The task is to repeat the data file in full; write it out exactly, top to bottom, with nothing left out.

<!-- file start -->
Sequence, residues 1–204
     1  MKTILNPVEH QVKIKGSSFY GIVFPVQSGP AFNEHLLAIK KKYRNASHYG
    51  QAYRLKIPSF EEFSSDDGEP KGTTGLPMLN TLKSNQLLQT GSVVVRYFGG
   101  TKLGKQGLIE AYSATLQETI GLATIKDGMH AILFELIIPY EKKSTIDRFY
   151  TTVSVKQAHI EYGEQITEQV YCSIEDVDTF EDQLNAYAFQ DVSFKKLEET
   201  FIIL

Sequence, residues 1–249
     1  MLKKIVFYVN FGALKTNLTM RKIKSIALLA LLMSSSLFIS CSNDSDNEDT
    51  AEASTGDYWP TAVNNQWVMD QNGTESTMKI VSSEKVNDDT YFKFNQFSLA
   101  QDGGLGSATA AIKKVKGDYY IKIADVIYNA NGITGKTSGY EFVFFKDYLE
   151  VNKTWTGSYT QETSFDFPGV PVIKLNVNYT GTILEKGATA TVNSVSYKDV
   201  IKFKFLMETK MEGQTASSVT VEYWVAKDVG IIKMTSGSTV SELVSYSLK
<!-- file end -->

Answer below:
Sequence, residues 1–204
     1  MKTILNPVEH QVKIKGSSFY GIVFPVQSGP AFNEHLLAIK KKYRNASHYG
    51  QAYRLKIPSF EEFSSDDGEP KGTTGLPMLN TLKSNQLLQT GSVVVRYFGG
   101  TKLGKQGLIE AYSATLQETI GLATIKDGMH AILFELIIPY EKKSTIDRFY
   151  TTVSVKQAHI EYGEQITEQV YCSIEDVDTF EDQLNAYAFQ DVSFKKLEET
   201  FIIL

Sequence, residues 1–249
     1  MLKKIVFYVN FGALKTNLTM RKIKSIALLA LLMSSSLFIS CSNDSDNEDT
    51  AEASTGDYWP TAVNNQWVMD QNGTESTMKI VSSEKVNDDT YFKFNQFSLA
   101  QDGGLGSATA AIKKVKGDYY IKIADVIYNA NGITGKTSGY EFVFFKDYLE
   151  VNKTWTGSYT QETSFDFPGV PVIKLNVNYT GTILEKGATA TVNSVSYKDV
   201  IKFKFLMETK MEGQTASSVT VEYWVAKDVG IIKMTSGSTV SELVSYSLK